He Tapuwae: footprints left on the land, symbolizes the human journey into new territory as we explore and develop our world. This Colloquium will therefore focus on key emerging themes of international, comparative and domestic environmental law and our journey in responding to them. The experience of low lying coast and island communities, for example, reflects the fact that at the heart of environmental pressures and conflicts lie frequently fractious relationships and interactions between power and vulnerability. All around the world, there are deep tensions, frequently, between vastly different understandings of how to live as human beings in the complex ecologies in which we find ourselves and with which we are co-formed.
Local and traditional communities across the world share multiple forms of environmental vulnerability. Indigenous peoples in the critically endangered forests; communities suffering from the effects of irresponsible mining or hazardous wastes; subsistence farmers whose resources are degraded or appropriated without fair recompense. A wide range of human communities suffer from forms of deep environmental injustice in the name of ‘business as usual’. Meanwhile, innumerable predations affect animal populations and the fragile ecosystems upon which all life on earth depends.
Those who depend most intimately and directly upon the living world for their physical and cultural existence tend to suffer most from environmental destruction and degradation. While all of human life depends upon the living world, communities vulnerable to the socio-cultural effects of environmental degradation suffer particular and well-documented forms of environmental injustice, exclusion and marginalisation. This IUCN Academy Colloquium invites participants to address this challenge and the various ways in which law could more effectively ‘speak truth to power’.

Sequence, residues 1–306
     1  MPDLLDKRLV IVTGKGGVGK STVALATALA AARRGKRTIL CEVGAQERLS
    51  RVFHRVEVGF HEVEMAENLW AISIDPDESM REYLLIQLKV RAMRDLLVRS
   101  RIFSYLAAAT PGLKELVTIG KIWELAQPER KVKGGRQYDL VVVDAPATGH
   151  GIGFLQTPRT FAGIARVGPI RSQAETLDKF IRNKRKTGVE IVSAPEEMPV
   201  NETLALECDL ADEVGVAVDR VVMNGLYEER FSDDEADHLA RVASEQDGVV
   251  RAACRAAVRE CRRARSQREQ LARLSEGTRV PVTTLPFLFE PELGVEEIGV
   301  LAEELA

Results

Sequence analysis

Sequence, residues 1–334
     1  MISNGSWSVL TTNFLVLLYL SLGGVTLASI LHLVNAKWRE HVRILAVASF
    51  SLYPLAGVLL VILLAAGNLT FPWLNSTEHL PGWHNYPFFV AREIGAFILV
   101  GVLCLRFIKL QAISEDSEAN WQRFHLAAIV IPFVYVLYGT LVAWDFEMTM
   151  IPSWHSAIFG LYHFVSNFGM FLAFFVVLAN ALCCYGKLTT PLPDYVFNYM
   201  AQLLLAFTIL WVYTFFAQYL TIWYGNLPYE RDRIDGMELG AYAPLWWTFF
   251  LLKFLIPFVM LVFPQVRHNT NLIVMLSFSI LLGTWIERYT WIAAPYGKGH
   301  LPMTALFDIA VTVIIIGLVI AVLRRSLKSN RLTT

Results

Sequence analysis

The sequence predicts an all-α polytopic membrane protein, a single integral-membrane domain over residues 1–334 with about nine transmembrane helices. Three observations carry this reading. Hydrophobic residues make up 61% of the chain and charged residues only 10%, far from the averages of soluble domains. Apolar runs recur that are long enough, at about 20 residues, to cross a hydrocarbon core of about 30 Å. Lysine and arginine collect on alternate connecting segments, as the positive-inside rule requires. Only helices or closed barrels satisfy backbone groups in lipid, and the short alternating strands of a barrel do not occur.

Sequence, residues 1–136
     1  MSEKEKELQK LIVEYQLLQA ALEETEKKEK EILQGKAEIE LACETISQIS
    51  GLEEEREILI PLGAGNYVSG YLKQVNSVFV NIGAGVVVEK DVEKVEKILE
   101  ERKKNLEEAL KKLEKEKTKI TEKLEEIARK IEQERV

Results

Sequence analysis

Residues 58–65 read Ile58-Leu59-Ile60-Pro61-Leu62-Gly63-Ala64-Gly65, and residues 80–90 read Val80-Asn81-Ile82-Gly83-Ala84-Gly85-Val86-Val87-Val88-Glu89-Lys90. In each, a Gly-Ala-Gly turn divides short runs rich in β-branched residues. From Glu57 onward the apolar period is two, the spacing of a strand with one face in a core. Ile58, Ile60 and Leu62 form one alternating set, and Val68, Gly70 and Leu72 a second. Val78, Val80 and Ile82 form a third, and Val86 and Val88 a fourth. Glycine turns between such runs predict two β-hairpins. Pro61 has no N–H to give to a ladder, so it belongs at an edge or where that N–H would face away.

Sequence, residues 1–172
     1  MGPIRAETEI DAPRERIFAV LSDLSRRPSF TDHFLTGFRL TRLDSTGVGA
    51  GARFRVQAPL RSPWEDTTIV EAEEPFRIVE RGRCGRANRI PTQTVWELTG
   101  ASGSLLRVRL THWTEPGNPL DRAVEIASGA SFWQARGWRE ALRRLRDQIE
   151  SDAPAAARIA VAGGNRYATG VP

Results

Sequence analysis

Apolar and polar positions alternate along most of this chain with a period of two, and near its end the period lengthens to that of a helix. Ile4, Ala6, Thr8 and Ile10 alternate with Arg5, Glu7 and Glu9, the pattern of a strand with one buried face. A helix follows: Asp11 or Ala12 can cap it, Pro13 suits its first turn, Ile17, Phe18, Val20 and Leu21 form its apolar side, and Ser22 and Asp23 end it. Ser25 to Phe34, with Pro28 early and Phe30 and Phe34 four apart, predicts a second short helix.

Our hope, as organisers, is that members of the Academy will contribute to a critique of environmental injustice and offer ‘sacred footsteps’ into new frontiers of environmental justice. We hope for fresh jurisprudential, doctrinal, institutional and tactical insights, and practical mechanisms for the delivery of resilience to vulnerable communities, animals and ecosystems.
Paper abstracts focused on the Colloquium theme that address any one of the following topics are invited for submission by Friday 1 March 2013:
- "Re-imagining Law"
- "Visions of Protection"
- "Indigenous Wisdoms"
- "The Environmental and the Political"
- "Rights-based Approaches"
- "Risk and Resilience"
- "Environmental justice, sustainable management and sustainable ethics"
- "Property rights and sustainability"
- "Freshwater resources"
- "Oceans and marine resources, marine environmental security and creeping jurisdiction"
- "Air, ozone, climate and outer space"
- "Climate change and displacement"
- "Flora, fauna and biodiversity"
- "Wastes and hazardous substances"
- "Procedural environmental obligations"
- "Energy and resource allocation: geothermal, hydro, wave and wind"
- "Natural hazards: coastal erosion, floods, fires, earthquakes and tsunamis"